On average people with diabetes spend just three hours a year with a healthcare professional, and for the remaining 8,757 hours they manage their condition alone. Having access to trustworthy information is important, but it can be hard to find.

Learning Zone offers clinically accurate advice in plain language, and is constantly updated in line with best practice. Created by healthcare professionals together with people with diabetes, it combines medical knowledge with the real experience of people living with the condition.

Videos, games and everyday tips on a range of topics are tailored to the individual needs of each user, taking into consideration things like what type of diabetes they have and the treatment they’re on.

If you are living with diabetes you can try Learning zone by visiting: www.diabetes.org.uk/zone

JILLIAN PATCHETT
National Director, Diabetes UK Northern Ireland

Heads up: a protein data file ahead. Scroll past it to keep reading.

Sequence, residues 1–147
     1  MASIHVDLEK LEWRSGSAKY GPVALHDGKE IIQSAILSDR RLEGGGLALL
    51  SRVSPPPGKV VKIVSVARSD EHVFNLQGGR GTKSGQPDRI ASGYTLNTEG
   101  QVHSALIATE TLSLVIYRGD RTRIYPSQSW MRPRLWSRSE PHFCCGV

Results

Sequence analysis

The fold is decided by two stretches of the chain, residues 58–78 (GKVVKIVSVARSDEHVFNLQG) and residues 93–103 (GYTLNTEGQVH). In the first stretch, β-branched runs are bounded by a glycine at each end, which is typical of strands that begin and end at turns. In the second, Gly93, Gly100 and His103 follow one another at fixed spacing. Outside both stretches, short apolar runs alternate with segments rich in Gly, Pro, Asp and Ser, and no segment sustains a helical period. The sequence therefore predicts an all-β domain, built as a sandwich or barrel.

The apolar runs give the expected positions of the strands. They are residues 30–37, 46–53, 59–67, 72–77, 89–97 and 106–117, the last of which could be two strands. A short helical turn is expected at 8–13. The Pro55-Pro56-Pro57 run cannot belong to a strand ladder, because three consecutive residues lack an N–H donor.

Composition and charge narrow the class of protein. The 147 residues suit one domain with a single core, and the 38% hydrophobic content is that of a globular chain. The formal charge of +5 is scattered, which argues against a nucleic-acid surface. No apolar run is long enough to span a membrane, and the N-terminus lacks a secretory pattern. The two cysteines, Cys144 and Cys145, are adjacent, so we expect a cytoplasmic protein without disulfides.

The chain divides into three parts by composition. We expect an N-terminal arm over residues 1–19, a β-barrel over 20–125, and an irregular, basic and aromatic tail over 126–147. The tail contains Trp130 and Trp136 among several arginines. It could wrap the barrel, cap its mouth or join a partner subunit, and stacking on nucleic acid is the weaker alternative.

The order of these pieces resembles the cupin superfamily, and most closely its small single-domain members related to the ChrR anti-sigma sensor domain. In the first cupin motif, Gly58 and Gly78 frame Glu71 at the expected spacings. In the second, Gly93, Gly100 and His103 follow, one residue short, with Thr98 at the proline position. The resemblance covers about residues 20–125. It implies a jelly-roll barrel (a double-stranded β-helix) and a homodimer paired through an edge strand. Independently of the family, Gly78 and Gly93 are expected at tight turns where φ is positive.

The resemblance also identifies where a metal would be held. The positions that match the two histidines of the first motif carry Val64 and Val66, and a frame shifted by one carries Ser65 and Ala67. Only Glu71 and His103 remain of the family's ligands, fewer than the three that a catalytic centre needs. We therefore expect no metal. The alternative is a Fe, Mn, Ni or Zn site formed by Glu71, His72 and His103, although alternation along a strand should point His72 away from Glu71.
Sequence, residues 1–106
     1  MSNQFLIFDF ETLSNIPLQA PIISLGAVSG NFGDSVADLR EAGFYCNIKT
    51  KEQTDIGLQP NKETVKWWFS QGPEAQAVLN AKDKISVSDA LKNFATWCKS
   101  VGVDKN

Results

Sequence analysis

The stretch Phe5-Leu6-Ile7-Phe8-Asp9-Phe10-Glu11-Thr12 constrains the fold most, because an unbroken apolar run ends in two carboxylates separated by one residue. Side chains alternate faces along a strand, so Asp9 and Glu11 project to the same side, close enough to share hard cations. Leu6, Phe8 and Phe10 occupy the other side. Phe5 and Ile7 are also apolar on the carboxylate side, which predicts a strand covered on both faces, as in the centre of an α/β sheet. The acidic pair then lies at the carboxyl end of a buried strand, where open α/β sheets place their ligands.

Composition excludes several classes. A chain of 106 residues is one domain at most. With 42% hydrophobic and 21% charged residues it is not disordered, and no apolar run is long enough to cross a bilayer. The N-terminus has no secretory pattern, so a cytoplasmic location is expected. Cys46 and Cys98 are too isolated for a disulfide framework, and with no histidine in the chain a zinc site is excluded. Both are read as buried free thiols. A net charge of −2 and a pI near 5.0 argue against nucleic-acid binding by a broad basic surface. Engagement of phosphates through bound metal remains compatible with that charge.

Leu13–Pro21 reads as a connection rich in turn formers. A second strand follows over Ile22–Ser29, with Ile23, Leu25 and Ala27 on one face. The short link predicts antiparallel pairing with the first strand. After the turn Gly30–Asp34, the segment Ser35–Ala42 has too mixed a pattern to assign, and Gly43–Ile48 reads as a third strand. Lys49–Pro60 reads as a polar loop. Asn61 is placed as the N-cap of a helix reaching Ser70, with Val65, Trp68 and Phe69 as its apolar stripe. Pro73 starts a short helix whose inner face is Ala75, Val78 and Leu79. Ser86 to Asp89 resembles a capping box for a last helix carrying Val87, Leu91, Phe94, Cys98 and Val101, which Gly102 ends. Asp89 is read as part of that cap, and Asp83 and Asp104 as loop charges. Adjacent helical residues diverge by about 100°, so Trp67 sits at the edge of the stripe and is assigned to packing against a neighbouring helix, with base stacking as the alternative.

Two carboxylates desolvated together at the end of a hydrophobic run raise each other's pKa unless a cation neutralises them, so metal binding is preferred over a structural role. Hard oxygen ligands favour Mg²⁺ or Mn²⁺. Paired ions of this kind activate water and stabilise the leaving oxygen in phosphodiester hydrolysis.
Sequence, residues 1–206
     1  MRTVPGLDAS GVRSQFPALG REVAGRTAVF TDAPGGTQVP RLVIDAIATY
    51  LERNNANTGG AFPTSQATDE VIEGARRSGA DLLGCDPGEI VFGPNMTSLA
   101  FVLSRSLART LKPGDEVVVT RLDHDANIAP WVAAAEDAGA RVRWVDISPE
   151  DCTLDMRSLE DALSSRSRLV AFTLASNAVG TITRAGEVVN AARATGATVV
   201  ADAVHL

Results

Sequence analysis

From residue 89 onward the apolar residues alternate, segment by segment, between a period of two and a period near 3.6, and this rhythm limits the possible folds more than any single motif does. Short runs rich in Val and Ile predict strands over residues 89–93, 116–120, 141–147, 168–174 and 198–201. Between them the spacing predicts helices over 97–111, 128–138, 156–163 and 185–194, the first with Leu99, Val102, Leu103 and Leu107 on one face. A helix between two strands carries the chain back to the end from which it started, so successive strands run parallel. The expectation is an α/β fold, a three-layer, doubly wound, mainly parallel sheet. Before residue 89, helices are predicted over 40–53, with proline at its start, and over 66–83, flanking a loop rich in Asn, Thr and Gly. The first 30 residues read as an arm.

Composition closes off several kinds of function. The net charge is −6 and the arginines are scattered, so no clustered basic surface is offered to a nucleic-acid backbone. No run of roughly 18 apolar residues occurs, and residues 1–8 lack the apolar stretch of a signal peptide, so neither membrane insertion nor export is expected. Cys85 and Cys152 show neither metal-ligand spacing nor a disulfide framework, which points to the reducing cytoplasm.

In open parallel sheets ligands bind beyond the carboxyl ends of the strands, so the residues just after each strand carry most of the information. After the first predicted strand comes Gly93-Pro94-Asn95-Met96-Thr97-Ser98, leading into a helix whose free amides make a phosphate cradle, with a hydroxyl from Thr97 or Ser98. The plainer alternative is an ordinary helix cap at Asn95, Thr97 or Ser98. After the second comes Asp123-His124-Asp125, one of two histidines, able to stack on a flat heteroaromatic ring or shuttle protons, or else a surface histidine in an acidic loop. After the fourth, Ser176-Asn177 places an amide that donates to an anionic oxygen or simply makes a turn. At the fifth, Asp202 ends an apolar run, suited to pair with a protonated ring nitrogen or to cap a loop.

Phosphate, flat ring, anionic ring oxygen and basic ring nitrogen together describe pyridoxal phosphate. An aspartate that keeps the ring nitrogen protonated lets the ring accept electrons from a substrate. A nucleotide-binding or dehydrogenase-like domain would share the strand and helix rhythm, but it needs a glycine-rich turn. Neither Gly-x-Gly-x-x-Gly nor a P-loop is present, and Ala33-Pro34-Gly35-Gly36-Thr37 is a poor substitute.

Smothering a beautiful sight

Surely one of the most redeeming qualities of driving northbound on the Sydenham Bypass after a day at work has always been the mesmerising view of the Belfast Hills and, when we’re fortunate to get it, the sunset behind them? Perhaps this is just my idealism, but is it not sad that huge boring blocks of new buildings are now beginning to smother this beautiful sight?
Of course, it is great to see investment being made in Belfast and new opportunities come our way, but do we really need to make it look like every other city in the world and shroud its unique selling points?

A MULHOLLAND
Belfast BT1